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On Line 9: Solidarity with Indigenous Resistance

line9map-web

Click to view interactive version. Photo courtesy Environmental Defence Canada.

Those of you who have been following our campaign and the fight against tar sands have probably heard about Line 9, Enbridge’s proposed plan to ship tar sands to the East Coast. Here’s how Crow, an organizer with the Line 9 Resistance and solidarity organizer with the Unist’ot’en camp, describes the project:

“Line 9 is a 30-year-old Enbridge pipeline built to transport conventional crude oil from Montreal to the refining hub known as Chemical Valley, a hub of 63 petrochemical facilities outside of Sarnia, Ontario. All refineries surround the Anishinaabe community of Aamjiwnaang First Nation, which some call the most polluted place in North America. The miscarriage rate is 40%, life expectancy is 55, cancer is prevalent, and the birth rate for girls is double the birth rate for boys. Aamjiwnaang First Nation is the only place in the world that such an abnormal birth ratio has been documented.

Enbridge wants to reverse the flow of Line 9 to transport diluted bitumen (dilbit) to Montreal, and eventually to Portland, Maine for export via supertanker. They also want to increase the volume from 240,000 barrels a day to 300,000 barrels a day by using something called Drag Reducing Agents. The pipeline is very similar to Enbridge Line 6B, famous for the Kalamazoo disaster. It was built around the same time, uses the same interior lining, and is part of the same network of pipelines. Since dilbit is more corrosive and acidic than oil and has to be heated and shipped at higher pressure, this seems like a recipe for disaster.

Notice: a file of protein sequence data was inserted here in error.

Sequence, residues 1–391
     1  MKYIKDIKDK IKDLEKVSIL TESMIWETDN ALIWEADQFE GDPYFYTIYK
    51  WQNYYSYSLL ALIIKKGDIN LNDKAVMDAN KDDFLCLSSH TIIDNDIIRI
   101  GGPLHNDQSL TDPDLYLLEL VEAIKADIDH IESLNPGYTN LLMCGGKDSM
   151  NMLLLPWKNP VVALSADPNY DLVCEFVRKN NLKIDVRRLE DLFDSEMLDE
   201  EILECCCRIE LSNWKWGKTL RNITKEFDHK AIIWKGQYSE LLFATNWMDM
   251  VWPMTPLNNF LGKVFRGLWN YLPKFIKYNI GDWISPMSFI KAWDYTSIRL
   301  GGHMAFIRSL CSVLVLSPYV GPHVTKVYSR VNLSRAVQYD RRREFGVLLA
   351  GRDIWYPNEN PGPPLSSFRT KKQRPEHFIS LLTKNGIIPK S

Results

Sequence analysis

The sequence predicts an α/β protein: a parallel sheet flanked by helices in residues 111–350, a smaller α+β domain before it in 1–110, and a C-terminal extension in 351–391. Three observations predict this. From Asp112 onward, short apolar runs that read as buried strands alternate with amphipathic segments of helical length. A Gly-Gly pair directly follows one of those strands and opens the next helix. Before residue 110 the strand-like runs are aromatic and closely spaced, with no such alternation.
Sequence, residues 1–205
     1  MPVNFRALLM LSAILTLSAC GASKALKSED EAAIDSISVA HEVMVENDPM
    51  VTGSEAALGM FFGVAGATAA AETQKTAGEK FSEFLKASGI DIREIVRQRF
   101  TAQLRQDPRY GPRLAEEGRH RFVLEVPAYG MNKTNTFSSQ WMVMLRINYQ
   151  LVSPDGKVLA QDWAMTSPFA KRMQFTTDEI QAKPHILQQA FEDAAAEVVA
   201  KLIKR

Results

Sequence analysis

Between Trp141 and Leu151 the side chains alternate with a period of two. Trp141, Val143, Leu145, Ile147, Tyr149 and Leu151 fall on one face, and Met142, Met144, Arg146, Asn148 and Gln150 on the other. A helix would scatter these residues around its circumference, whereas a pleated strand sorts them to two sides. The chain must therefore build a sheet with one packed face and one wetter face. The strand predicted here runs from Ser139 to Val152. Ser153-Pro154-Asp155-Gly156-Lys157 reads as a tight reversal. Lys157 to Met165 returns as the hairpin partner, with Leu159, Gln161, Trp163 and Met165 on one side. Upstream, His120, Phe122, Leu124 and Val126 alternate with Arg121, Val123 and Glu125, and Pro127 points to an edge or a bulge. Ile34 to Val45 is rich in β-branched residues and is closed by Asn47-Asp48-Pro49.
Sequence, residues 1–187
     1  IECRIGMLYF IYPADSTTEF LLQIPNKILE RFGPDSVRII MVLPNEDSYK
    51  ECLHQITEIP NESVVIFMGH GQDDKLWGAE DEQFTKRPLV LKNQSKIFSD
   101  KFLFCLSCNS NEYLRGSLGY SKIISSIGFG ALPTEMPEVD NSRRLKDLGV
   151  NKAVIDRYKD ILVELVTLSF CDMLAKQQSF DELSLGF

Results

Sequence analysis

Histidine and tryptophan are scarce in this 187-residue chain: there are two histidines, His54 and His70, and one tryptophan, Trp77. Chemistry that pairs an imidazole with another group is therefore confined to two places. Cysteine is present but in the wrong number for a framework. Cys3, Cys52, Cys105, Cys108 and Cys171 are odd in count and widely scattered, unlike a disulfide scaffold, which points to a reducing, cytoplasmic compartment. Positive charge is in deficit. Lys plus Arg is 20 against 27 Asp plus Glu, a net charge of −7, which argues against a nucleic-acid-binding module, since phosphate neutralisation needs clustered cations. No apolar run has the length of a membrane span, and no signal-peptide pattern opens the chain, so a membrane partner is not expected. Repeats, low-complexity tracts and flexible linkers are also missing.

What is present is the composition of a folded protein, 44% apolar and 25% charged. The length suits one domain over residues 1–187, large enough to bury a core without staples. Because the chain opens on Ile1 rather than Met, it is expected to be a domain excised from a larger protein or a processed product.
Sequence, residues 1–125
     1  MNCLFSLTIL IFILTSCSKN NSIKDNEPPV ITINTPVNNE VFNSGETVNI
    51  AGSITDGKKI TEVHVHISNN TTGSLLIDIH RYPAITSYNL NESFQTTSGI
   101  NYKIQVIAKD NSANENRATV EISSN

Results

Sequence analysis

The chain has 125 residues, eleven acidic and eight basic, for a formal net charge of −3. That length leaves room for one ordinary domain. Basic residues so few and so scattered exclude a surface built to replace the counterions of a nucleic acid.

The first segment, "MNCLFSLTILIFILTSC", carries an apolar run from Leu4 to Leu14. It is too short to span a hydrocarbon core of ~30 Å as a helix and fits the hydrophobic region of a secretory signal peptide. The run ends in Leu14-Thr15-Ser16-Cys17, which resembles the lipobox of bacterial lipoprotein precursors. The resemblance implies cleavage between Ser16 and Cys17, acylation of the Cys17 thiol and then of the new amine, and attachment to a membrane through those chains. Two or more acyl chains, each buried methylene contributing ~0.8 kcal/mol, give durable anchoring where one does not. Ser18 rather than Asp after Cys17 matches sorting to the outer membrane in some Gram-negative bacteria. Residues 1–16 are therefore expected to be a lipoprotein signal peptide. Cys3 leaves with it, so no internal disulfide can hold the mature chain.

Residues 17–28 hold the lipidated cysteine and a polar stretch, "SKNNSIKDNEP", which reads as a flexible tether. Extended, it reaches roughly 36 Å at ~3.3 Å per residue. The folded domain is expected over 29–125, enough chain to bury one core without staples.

We see Tar Sands Blockade and the Line 9 resistance as natural allies. Our campaigns are two fronts of one war.  We will not let your efforts be undermined by allowing 300,000 barrels a day of filthy tar sands to reach the East coast.

Momentum is definitely building on the Line 9 campaign. It’s shaping up to be a major battleground in tar sands resistance. We look at this campaign as an opportunity to build cross-border solidarity in the movement against extreme extraction. Stay tuned for more.” – Crow, solidarity organizer, Line 9 Resistance, Unist’ot’en Camp

Tar Sands Blockade stands in solidarity with the Line 9 Resistance and all those resisting tar sands and other forms of extreme energy extraction worldwide. Our struggles are intricately interconnected, and for any of us to succeed we all have to work together and support each other. We look forward to working with the Line 9 resistors and others fighting tar sands pipelines to develop a strategy to stop the tar sands for good.

In the words of Missy Elliot, from Haudenosaunee Territory of Six Nations, whose land is also crossed by the Line 9 pipeline:

 “We will stop this pipeline…by whatever means necessary.”

For more information, check out the following video, “Line 9: The Tar Sands Come to Ontario”:

Permanent link to this article: http://www.tarsandsblockade.org/line-9/